Over the past decade there has been a resurgence in studies of turbulence in superfluid helium both theoretically and experimentally which has led to new methods of generation as well as new techniques for measurement and visualisation. Below 1K the normal component within He II becomes small and below 0.5K the effect of elementary excitations on vortex dynamics is negligible, meaning studies at these low temperatures focus on tangles of largely undamped vortex lines and can provide insight into the nature of many phenomena including both the Kolmogorov and Kelvin wave cascade spectra, and the bridge between them. This report presents a new, versatile method for generating turbulence that utilises magnetically-driven bellows to force superfluid through a grid. The cell has been built and modelling has been used to optimise its performance. The first test run was promising, though induction heating from ramping up current in the coils needs to be minimised.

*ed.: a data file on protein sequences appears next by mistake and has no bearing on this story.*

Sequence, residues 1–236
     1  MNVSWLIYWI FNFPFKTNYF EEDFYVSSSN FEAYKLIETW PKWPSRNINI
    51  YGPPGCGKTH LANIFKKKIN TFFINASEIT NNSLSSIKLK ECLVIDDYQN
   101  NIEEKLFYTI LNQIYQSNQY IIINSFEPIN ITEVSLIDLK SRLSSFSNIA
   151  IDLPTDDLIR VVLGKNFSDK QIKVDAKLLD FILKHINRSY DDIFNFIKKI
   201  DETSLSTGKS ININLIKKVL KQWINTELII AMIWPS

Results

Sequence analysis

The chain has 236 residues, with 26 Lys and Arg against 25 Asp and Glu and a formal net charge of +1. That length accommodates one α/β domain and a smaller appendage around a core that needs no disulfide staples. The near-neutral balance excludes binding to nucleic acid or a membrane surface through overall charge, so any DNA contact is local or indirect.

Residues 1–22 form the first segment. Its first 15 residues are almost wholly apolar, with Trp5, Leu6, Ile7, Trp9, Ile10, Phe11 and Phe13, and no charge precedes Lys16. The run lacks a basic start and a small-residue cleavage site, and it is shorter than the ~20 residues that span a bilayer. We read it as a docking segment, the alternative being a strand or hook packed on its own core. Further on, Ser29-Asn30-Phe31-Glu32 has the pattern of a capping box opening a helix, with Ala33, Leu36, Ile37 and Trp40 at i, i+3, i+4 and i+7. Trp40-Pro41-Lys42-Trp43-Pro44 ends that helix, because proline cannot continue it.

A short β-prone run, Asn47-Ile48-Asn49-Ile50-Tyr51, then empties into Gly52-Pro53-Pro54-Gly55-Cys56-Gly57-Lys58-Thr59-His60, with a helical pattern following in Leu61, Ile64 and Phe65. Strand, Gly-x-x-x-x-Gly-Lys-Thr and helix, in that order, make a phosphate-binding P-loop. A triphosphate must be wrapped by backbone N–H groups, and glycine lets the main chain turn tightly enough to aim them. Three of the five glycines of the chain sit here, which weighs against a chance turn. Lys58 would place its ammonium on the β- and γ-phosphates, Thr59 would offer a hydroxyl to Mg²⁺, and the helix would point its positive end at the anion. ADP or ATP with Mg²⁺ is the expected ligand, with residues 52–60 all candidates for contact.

|Date of Award
|31 Dec 2015
- The University of Manchester
|Andrei Golov (Supervisor) & Paul Walmsley (Supervisor)